Thu Tran (slight return) (The Internet, mostly). Thu Tran, the mistress and co-architect of
Earlier this year, MTV Other, an impolite Internet iteration of the Viacomathon, posted six episodes of her Web series "Late Night Munchies," whose title is a clue to its general air of derangement. If you are not already a fan, I wouldn't recommend you start here; it has something of the substance and flavor of "Food Party," if not its discipline, ambition, budget, magic or puppets, but it is far more visually and viscerally disturbing. (The images are manhandled in post-production.) As in "Food Party," Thu hosts in her happy, stilted style ("Hello, people who are ages teen through grandma" she says at the outset of one episode); prepares or seems to prepare strange, unpalatable dishes; welcomes guests onto a colorful set; and every so often loses her mind. There are also whimsical, semi-coherent fake commercials (an ice cream deodorant, a "shellphone," some sort of reflective potato chip) and "food dares," none of which I have it in me to describe here, though one involves violating the "five-second rule." There are crafts: Thu and Har Mar Superstar -- the guests are all out-of-the-mainstream musicians -- make cigarette holders from hot dogs; Thu and Nimai Larson give each other makeovers with food: "We're going to the club, we want to look hot for the guys there."
The more exciting discovery, to me, are the 17 videos (18, counting the trailer) that make up the wonderful "The Misguided Guide to the Origin of Everything." These cartoons, mostly from 2012 and in Thu's own lovely, storybook hand, combine a little bit of animation with a lot of two-dimensional puppetry and purport to answer questions scientific, practical and metaphysical, including "What Is Time?," "Why Do Feet Have Arches?" "How Do You Tie Your Shoes?" and "Who Am I?" The answers are complicated and fabulous, personal and unpredictable. Thu appears on camera to introduce some of them. Though it is superficially less like "Food Party," it is spiritually and aesthetically closer to it than "Munchies." I'd say that, as a group, they're fine for children of a not overly sensitive nature, and most don't require even that caveat. The same would apply to their parents.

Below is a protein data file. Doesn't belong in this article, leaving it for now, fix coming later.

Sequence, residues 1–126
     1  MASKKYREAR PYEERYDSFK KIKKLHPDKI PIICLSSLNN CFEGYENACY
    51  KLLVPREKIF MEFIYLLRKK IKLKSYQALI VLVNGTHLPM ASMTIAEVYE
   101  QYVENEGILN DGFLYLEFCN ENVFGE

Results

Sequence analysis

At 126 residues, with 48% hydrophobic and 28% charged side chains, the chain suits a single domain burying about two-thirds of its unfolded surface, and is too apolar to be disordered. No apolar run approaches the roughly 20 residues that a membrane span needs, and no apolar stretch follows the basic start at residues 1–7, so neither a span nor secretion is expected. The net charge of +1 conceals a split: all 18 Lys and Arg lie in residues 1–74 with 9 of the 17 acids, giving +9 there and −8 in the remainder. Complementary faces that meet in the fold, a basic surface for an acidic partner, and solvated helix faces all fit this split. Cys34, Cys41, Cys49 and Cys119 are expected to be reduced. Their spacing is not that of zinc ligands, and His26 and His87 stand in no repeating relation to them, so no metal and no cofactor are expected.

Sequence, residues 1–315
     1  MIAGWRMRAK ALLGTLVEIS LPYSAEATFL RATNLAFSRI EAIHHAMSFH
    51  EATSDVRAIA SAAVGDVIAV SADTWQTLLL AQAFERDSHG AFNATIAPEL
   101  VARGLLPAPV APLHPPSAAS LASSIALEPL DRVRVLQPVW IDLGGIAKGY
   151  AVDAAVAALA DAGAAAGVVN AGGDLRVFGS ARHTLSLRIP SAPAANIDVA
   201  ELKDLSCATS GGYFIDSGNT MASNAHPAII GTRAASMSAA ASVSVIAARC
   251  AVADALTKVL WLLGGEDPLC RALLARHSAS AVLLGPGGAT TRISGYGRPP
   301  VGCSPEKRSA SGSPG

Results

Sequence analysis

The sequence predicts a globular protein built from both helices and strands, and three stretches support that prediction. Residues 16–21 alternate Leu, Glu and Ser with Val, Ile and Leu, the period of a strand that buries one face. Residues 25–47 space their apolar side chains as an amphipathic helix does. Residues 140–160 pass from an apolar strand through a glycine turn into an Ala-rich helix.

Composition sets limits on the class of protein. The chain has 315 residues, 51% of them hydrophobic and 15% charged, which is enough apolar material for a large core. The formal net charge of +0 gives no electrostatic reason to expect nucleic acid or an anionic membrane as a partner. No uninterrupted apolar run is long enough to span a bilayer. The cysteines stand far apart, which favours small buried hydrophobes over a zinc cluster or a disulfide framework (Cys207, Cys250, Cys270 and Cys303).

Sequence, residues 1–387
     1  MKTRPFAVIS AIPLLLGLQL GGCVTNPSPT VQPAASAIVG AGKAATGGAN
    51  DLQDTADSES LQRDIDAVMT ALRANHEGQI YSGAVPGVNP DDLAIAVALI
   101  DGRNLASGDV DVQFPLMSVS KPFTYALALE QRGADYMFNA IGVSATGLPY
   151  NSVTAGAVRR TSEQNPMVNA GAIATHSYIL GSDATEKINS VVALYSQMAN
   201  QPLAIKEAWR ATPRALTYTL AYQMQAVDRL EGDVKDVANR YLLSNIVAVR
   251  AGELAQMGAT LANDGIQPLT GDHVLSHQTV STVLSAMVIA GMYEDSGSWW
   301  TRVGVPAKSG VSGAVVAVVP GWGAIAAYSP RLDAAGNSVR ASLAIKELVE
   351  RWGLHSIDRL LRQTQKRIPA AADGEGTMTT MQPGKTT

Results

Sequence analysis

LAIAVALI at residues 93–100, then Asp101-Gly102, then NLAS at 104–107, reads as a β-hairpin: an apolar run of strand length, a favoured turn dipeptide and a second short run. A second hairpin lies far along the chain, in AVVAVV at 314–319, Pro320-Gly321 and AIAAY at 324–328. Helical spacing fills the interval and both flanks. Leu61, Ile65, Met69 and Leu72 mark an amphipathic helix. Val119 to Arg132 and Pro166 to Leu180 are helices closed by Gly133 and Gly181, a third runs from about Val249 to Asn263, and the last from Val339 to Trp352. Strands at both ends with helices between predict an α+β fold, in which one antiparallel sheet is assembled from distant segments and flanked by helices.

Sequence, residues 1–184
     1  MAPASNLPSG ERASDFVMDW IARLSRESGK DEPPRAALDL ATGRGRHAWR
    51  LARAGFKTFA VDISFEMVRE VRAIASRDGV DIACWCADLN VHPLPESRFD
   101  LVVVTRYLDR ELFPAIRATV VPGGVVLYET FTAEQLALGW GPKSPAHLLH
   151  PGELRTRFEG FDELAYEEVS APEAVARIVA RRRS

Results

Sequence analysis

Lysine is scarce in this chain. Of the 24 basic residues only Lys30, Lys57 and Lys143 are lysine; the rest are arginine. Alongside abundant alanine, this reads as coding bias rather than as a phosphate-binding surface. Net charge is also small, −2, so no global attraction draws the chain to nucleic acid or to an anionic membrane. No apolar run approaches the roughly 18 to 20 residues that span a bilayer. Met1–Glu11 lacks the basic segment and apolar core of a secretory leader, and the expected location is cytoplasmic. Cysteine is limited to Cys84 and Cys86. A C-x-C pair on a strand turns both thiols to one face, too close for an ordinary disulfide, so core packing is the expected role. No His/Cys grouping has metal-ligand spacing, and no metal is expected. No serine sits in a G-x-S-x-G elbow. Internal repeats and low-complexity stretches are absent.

"High Moon" (Syfy, Monday). You can't sell 'em all. Bryan Fuller ("Hannibal") is the producer and co-writer, with Jim Danger Gray, of this feature-length pilot, not picked up for series by Syfy but airing this week as a TV movie or "event." In 2012, a similar end befell "Mockingbird Lane," Fuller's reboot of "The Munsters," made for Syfy's corporate cousin NBC, and while it's too bad that there won't be a series based on this sample -- because I WOULD WATCH IT -- it's better to share these things, even with a near total lack of promotion, than to bury them under a papier-mache rock on the Universal back lot. I haven't made "Hannibal" a habit, but Fuller's
Based on "The
"James McNeill Whistler and the Case for Beauty" (
"Tim and Eric’s Bedtime Stories" (
"The Roosevelts" (PBS, Sunday to Saturday).